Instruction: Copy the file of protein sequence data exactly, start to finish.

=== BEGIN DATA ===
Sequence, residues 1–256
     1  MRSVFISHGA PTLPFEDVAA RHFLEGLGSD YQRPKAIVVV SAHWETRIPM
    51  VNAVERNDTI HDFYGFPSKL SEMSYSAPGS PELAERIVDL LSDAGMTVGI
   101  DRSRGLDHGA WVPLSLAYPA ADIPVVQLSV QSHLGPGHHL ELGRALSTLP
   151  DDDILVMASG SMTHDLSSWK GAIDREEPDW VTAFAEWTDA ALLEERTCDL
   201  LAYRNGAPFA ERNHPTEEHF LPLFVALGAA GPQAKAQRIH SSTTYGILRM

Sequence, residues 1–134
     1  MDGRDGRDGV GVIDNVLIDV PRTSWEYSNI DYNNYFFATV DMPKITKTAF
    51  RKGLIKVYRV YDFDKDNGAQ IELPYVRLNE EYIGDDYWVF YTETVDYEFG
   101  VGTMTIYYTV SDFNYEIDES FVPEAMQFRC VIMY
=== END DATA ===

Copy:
Sequence, residues 1–256
     1  MRSVFISHGA PTLPFEDVAA RHFLEGLGSD YQRPKAIVVV SAHWETRIPM
    51  VNAVERNDTI HDFYGFPSKL SEMSYSAPGS PELAERIVDL LSDAGMTVGI
   101  DRSRGLDHGA WVPLSLAYPA ADIPVVQLSV QSHLGPGHHL ELGRALSTLP
   151  DDDILVMASG SMTHDLSSWK GAIDREEPDW VTAFAEWTDA ALLEERTCDL
   201  LAYRNGAPFA ERNHPTEEHF LPLFVALGAA GPQAKAQRIH SSTTYGILRM

Sequence, residues 1–134
     1  MDGRDGRDGV GVIDNVLIDV PRTSWEYSNI DYNNYFFATV DMPKITKTAF
    51  RKGLIKVYRV YDFDKDNGAQ IELPYVRLNE EYIGDDYWVF YTETVDYEFG
   101  VGTMTIYYTV SDFNYEIDES FVPEAMQFRC VIMY